The purpose of this study was to evaluate the relationships between selected psychosocial factors and the physical activity behaviors of children (grade 4-8) and adolescents (grades 9-12) in a rural community setting. The Children’s Physical Activity Scale (CPAC)was used to measure the psychosocial factors of physical activity, The Physical Activity Questionnaire-Children (PAQ-C), and Physical Activity Questionnaire-Adolescents (PAQ-A) were used to measure the physical activity behaviors of the 167 participants. Results indicated that male and female physical activity behaviors were not significantly different. However, physical activity declined with age [F(8,147) = 5.44, p < 0.05, ES = 0.23]. All psychosocial factors were significantly correlated with physical activity in youth with the single highest correlation for males being “liking of exercise” (r = .61) and the highest correlation for females was “liking of games and sports”(r = .44). Stepwise regression analyses identified three subscales (liking of games and sport, liking of exercise, and parental support) in a significant prediction model of physical activity in both genders. The results indicate that children's physical activity is associated with a variety of psychosocial variables that represent import predisposing and reinforcing factors.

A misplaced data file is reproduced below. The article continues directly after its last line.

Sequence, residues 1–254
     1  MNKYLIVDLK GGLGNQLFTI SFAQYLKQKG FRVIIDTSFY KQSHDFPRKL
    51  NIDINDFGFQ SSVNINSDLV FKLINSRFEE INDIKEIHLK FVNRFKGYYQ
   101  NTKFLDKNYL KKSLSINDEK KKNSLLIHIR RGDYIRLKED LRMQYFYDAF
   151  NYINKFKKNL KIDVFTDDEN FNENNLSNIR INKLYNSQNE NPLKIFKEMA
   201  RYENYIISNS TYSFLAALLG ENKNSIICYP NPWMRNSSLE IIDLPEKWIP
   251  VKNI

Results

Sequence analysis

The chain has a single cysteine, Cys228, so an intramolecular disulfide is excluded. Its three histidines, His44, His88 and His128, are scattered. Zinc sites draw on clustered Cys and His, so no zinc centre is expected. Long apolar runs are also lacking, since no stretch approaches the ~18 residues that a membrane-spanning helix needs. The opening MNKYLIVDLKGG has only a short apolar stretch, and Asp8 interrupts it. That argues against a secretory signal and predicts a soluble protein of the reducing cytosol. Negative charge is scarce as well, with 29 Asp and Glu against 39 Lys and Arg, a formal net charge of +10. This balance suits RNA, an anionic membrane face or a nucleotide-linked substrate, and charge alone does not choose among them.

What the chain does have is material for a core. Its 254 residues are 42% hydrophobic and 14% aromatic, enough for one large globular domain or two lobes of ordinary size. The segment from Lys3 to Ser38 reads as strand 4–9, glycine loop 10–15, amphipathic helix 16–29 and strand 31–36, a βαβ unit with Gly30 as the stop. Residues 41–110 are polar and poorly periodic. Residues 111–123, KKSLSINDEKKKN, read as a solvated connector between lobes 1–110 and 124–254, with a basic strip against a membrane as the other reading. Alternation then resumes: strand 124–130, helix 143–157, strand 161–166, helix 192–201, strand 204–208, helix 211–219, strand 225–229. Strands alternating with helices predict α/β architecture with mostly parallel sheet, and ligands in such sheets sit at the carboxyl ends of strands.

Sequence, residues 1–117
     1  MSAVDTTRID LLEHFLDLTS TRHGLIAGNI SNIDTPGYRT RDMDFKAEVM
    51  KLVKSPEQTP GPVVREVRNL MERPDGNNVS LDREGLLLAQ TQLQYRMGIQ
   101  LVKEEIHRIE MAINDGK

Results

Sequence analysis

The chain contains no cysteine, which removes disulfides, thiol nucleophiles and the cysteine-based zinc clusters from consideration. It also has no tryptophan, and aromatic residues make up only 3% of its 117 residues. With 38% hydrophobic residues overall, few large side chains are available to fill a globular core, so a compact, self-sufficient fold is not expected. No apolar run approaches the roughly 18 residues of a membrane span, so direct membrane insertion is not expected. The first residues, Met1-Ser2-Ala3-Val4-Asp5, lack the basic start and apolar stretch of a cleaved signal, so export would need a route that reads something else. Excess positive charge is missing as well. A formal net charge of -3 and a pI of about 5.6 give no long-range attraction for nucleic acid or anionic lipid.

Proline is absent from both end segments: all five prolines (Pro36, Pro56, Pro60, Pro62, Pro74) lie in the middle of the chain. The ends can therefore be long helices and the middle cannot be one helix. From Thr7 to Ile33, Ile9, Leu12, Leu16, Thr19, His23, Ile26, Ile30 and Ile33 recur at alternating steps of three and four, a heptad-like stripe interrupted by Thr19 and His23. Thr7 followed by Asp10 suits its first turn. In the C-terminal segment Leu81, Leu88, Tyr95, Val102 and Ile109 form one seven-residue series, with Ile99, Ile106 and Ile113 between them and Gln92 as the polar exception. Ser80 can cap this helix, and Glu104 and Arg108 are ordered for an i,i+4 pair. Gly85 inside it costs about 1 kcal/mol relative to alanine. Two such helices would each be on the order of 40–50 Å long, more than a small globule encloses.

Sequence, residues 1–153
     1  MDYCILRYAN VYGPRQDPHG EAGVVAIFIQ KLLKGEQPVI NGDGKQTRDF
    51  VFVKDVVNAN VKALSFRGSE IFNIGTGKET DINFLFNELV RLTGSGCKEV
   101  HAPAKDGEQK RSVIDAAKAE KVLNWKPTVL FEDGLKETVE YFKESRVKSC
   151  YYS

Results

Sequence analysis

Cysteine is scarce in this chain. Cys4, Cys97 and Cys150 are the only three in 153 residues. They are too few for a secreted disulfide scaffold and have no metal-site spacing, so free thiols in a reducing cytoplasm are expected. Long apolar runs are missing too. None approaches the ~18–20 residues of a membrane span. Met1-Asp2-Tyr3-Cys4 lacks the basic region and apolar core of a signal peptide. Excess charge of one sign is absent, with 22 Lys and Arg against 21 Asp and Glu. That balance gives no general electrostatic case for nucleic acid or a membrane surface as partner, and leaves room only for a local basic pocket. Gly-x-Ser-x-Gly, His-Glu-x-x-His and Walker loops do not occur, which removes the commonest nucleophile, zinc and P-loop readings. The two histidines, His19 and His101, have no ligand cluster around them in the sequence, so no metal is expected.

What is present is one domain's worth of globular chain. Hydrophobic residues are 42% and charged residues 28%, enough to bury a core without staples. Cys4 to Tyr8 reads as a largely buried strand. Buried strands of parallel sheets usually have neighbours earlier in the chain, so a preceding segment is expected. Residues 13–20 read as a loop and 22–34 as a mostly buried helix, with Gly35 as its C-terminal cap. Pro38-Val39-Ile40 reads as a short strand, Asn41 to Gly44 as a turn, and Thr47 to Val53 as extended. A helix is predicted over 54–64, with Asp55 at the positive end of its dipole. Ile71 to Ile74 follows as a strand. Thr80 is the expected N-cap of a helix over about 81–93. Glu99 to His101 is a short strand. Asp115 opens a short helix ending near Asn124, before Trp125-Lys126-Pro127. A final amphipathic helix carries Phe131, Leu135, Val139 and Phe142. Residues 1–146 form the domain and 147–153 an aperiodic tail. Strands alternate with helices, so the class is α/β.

Crimi†, Kelly; Hensley‡, Larry D.; and Finn‡, Kevin J.
"Psychosocial Correlates of Physical Activity in Children and Adolescents in a Rural Community Setting,"
International Journal of Exercise Science:
4, Article 2.
Available at: http://digitalcommons.wku.edu/ijes/vol2/iss4/2